Some of the A-list stars expected to attend Saturday’s day-long event include actresses Scarlett Johansson, Natalie Portman, Viola Davis, Allison Janney, Olivia Munn, Olivia Wilde, Elizabeth Banks, Connie Britton, Eva Longoria, and Mia Kunis, and actors Adam Scott, Rob Reiner, and Tony Goldwyn, according to Page Six.
Also on hand will be Sen. Kamala Harris (D-CA), former E! News correspondent Catt Sadler, and former late-night host Larry Wilmore, and musical guests are expected to include Maxwell, Rachel Platten, Idina Menzel, Andra Day, and the Gay Men’s Chorus of Los Angeles with special guest Melissa Etheridge.
The march will reportedly kick off at 8:30 a.m. and end in Grant Park around 3 p.m., and the festivities will include live music, art, and voter registration tables.
The march commemorates one year since Donald Trump’s historic inauguration and the subsequent Women’s March on Washington, during which hundreds of thousands of pink “pussy hat”-wearing men and women converged on the nation’s capital to voice their opposition to the new president.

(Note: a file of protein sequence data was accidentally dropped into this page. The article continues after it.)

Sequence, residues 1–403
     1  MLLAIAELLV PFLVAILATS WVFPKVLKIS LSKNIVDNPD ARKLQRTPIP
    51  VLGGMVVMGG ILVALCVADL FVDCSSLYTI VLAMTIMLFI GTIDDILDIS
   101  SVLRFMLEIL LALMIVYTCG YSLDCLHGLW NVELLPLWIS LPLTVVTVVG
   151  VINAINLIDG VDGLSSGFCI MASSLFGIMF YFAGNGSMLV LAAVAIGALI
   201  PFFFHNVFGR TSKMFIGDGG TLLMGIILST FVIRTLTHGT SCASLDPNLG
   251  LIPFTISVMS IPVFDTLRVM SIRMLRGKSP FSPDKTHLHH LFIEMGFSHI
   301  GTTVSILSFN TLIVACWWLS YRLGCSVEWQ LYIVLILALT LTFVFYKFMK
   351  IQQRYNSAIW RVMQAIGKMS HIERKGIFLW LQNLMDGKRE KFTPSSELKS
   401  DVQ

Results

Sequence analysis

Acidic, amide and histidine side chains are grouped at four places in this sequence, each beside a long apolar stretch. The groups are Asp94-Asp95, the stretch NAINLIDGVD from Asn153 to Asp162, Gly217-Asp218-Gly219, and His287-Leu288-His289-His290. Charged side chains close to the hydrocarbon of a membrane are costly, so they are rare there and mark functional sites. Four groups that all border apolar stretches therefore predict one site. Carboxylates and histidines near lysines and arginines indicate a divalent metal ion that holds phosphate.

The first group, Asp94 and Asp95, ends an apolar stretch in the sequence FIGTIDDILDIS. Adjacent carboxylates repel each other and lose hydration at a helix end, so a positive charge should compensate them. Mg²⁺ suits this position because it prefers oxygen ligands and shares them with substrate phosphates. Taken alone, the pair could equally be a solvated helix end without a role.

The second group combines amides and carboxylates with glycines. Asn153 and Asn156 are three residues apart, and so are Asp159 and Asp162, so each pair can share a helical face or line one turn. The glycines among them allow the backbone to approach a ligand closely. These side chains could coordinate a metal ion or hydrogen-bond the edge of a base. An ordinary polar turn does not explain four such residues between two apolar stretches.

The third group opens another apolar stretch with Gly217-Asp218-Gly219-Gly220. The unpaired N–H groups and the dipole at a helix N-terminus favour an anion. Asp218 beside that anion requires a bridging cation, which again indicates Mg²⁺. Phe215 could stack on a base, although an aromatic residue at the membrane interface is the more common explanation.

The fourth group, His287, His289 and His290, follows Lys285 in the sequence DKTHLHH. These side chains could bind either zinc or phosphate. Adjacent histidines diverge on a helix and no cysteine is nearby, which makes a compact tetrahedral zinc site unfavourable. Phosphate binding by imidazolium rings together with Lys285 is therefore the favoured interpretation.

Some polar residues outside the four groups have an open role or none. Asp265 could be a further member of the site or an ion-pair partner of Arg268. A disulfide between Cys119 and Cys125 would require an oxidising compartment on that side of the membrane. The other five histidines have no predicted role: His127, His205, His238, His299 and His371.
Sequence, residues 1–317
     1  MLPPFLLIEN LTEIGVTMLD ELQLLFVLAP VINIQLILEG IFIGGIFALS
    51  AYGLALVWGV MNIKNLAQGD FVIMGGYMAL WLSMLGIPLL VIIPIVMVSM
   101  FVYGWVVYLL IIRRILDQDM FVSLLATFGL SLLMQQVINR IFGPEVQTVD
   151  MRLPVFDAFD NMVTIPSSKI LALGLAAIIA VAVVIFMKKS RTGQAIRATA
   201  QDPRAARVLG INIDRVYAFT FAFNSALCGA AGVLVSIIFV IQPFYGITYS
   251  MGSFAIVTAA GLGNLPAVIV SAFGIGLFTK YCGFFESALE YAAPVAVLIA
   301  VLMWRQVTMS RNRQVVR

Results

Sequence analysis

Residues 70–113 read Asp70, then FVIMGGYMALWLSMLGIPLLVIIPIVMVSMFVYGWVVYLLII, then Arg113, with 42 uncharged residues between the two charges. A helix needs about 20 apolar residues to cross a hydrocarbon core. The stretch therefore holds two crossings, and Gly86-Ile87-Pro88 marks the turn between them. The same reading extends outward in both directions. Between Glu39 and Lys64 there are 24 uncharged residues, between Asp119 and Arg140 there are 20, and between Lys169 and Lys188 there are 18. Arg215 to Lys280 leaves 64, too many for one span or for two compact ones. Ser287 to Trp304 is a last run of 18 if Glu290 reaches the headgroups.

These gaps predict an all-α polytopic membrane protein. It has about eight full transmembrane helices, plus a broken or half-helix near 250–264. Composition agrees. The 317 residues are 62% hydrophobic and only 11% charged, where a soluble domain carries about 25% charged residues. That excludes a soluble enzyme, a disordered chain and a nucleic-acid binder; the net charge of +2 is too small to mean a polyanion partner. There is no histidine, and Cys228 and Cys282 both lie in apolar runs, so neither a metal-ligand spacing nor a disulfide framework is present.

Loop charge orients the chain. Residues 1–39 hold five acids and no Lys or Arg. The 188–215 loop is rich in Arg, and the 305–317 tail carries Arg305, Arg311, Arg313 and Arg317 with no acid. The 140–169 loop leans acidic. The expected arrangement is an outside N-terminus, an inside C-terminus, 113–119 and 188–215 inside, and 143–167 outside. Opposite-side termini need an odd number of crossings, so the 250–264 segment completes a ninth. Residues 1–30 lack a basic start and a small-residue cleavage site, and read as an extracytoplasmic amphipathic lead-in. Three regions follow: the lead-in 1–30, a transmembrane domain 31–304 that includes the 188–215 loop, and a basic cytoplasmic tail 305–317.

Last year’s march in Washington also brought out a slew of celebrities, including Cher, Katy Perry, Debra Messing, America Ferrera, and Johansson. Beyoncé couldn’t make it, but lent her support.
Jane Fonda, Miley Cyrus, Ariana Grande, and Idina Menzel reportedly attended last year’s concurrent march in L.A., while former Netflix talk show host Chelsea Handler led another iteration of the march at the Sundance Film Festival in Park City, Utah.
Pop icon Madonna landed in hot water during last year’s Washington, D.C. event when she told a crowd of thousands at the march that she had often thought of “blowing up the White House.” Trump later called her comments “disgraceful to our country.”
Other speakers at last year’s event included documentary filmmaker Michael Moore, who ripped up a copy of the Washington Post while onstage, and actress Ashley Judd, who accused Trump of having “wet dreams” about his daughter, Ivanka Trump.
Some organizers of this year’s event have urged marchers to leave their pink “pussy hats” from last year at home, as they could be considered exclusionary to women of color, transgender women, and gender non-conforming people.